Embracing The Call To Lead
This article was originally published on The Huffington Post.
By BJ Goergen, Sarah Jackson, Oliver Libby, Jason Schmitt, Shalini Unnikrishnan, and Joshua Walker
On the eve of the election, imagine spending six months with sixty leaders in America from every race, gender, religion, geography, and political orientation studying the Presidential leadership of Lyndon B. Johnson, George H.W. Bush, William J. Clinton, and George W. Bush. Your co-travelers on this journey are the Presidents themselves, their advisors, and historians. Your mission is to identify practical leadership solutions for your community. What would you discover in this process? This has actually been occurring for two years, thanks to an historic bi-partisan partnership between four Presidential libraries to build the next-generation of public service leaders. We were privileged to participate in this Presidential Leadership Scholars program and walked away with similar reflections on leadership:
Progress Is Possible Against America’s Daunting Challenges
Many Americans feel hopeless and frustrated today. They labored for decades thinking that innovation and globalization would increase incomes, but now believe wealth is accumulating in fewer hands while they fall behind. Their American Dream is falling victim to global competition, national security threats, workplace automation, soaring healthcare costs, broken education systems, and a frayed social safety net. They are deeply pessimistic about government, as they see elected officials far keener to attack opponents and “win” than work together to solve problems. Gone are the peacemakers and bridge builders, resulting in increasingly paralyzed institutions. Every generation believes they are witnessing our nation’s darkest hour and most dangerous crises. History reveals that civil rights, the Cold War, the ballooning national deficit, and the 2008 financial crisis all threatened to tatter America’s social fabric just like today’s challenges. Yet, the four Presidents we studied achieved significant progress against these problems because they leveraged America’s collective strength to confront the issues, rather than shying away from them because they appeared intractable. They knew these issues were too critical not to take decisive action and that concessions would be required on all sides to reach workable solutions.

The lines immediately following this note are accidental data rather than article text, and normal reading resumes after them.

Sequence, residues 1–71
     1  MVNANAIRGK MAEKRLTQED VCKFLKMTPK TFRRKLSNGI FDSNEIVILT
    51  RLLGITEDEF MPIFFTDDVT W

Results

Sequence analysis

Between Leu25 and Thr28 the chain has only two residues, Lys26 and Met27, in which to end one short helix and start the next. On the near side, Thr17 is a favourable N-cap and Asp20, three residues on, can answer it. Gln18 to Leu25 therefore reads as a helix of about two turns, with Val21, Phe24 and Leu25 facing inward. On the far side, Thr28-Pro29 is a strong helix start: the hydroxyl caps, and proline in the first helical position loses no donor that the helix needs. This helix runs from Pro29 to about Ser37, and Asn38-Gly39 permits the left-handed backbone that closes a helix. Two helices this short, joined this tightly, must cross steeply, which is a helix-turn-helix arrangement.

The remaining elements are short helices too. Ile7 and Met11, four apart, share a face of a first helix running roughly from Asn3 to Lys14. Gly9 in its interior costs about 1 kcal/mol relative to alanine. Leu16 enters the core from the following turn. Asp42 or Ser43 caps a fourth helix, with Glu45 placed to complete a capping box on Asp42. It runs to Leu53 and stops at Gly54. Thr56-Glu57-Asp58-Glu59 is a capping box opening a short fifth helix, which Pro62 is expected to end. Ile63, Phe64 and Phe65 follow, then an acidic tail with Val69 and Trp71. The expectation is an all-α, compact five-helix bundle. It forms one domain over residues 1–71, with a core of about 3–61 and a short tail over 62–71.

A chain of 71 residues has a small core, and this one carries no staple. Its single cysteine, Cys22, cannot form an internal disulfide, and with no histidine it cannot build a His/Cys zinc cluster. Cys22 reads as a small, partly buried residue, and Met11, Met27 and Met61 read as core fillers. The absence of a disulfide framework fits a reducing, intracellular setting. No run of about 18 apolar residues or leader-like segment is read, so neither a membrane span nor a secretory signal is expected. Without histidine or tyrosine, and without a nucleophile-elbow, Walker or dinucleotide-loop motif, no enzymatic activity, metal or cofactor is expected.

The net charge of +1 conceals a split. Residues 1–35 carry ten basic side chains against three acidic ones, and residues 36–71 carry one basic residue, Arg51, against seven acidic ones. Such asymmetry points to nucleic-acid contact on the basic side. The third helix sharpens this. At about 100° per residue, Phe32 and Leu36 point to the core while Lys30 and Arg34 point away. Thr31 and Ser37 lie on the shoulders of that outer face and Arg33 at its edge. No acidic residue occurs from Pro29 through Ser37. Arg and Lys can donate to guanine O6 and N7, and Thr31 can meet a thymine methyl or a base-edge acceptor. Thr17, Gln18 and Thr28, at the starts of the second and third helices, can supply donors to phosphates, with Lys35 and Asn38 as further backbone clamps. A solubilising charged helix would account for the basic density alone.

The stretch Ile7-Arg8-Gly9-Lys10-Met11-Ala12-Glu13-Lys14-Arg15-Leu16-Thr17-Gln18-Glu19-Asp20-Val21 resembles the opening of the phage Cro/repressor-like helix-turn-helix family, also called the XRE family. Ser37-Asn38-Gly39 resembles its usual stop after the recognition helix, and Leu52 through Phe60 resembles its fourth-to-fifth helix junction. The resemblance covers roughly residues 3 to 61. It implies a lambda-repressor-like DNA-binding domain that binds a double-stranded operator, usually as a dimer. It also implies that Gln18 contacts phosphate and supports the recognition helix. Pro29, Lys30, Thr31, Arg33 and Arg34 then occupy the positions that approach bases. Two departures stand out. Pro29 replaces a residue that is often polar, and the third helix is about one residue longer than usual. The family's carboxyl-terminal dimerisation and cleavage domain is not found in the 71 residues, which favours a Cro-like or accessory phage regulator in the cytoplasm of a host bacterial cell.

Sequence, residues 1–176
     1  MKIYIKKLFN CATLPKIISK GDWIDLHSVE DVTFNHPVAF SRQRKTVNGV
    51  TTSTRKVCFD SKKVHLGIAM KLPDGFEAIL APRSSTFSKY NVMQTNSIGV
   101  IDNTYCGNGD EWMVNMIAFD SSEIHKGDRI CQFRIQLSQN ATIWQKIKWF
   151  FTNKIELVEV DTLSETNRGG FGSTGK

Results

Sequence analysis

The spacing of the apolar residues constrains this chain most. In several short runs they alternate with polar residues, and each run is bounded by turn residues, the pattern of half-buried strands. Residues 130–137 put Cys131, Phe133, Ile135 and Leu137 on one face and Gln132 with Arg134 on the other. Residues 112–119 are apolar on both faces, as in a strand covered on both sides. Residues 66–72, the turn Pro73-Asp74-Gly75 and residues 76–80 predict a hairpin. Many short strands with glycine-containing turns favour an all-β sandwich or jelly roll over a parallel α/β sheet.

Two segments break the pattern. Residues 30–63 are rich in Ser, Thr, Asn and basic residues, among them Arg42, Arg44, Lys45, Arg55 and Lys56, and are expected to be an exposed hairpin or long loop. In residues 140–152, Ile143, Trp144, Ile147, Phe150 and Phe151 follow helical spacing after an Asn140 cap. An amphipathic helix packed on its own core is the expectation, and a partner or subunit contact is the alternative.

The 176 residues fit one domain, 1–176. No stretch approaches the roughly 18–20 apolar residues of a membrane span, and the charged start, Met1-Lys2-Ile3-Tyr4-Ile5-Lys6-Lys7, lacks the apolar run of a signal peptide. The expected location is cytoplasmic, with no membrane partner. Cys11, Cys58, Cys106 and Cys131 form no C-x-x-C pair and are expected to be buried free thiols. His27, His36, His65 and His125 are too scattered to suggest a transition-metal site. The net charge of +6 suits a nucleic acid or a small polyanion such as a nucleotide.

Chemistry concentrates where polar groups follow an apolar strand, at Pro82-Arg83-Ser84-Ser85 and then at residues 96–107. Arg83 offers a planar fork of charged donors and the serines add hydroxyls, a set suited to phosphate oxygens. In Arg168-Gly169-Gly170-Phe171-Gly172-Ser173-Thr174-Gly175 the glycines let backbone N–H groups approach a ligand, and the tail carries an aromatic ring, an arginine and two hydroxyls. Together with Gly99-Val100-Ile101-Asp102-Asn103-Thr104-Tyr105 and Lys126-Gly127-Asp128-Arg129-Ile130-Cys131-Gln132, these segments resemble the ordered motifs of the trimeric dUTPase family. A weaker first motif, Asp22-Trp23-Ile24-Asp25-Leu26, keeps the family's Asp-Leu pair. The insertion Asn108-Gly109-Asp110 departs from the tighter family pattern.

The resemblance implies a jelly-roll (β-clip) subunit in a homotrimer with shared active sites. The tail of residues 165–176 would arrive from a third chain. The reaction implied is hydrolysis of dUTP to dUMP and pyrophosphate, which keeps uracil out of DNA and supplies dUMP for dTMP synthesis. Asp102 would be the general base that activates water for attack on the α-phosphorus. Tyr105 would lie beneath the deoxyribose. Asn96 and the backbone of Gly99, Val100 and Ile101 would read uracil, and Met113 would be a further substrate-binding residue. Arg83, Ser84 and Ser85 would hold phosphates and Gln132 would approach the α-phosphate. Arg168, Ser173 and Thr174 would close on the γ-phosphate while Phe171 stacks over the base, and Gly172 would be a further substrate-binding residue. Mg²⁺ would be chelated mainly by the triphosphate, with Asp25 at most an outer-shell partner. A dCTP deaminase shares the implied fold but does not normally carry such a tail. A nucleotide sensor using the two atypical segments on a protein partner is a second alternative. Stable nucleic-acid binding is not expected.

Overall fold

Solving Problems Means Embracing Democracy’s Messiness
Our Founders opted for democracy because they believed everyone’s voice needed to be heard. They knew democracy would be messy work anchored in the strength of our differences and engagement in tough conversations. Those conversations would require listening with empathy, disagreeing vigorously but respectfully, and remembering that everyone is entitled to their own opinions but not their own facts. Democracy could only function effectively by presuming everyone’s positive intentions, so that we could build on what we share versus doubling down on what drives us apart. Each President we studied embraced the inherent messiness of democracy. They saw the President’s role as developing a compelling national vision and then building strong bipartisan partnerships to achieve it. These Presidents’ landmark legislation – the 1964 Civil Rights Act, the 1990 Americans with Disabilities Act, the 1997 Balanced Budget Act, or the 2001 No Child Left Behind Act – became law because they proactively reached across the aisle and did what was in America’s collective best interest. These successes did not come easily or without vicious debate, but each President showed a path beyond partisanship to reach solutions.
Leadership Is Our Collective Obligation
Our program participants met this summer with 1950s school desegregation pioneers from the Little Rock Nine, whose civil rights struggle is a powerful reminder of how much bipartisanship and moral courage have shaped our nation’s trajectory. One fascinating aspect of our discussion concerned the number of people of all political stripes required to turn those civil rights into a reality. Most remember the unanimous Supreme Court ordering school desegregation, Republican President Dwight D. Eisenhower dispatching troops to enforce that order, and Democratic President Johnson securing passage of the Civil Rights Act with broad Congressional support. None of this would have happened, though, without courageous black citizens across the nation insisting separate is never truly equal. Their voices catalyzed the civil rights movement and ensured those rights would be sustained after places like Selma were forgotten. It is easy to say that we deserve better government, but we only deserve what we work together to build. Civic engagement requires grueling conversations on sensitive topics whose answers are not self-evident and require difficult trade-offs. But, we have the extraordinary privilege to be part of a great nation and we are all obligated to be its stewards. Our democracy needs nothing more and deserves nothing less than the full engagement of everyone. Our country needs leaders to step up to meet the challenges of our time. This has been the secret of Presidential leadership since the dawn of the Republic – audacious optimism that working through thorny issues with those who hold divergent views will slowly, but surely, forge a more perfect union.
BJ Goergen, Sarah Jackson, Oliver Libby, Jason Schmitt, Shalini Unnikrishnan, and Joshua Walker were members of the 2016 Presidential Leadership Scholars class and collectively have been politically active in both the Democratic and Republican parties.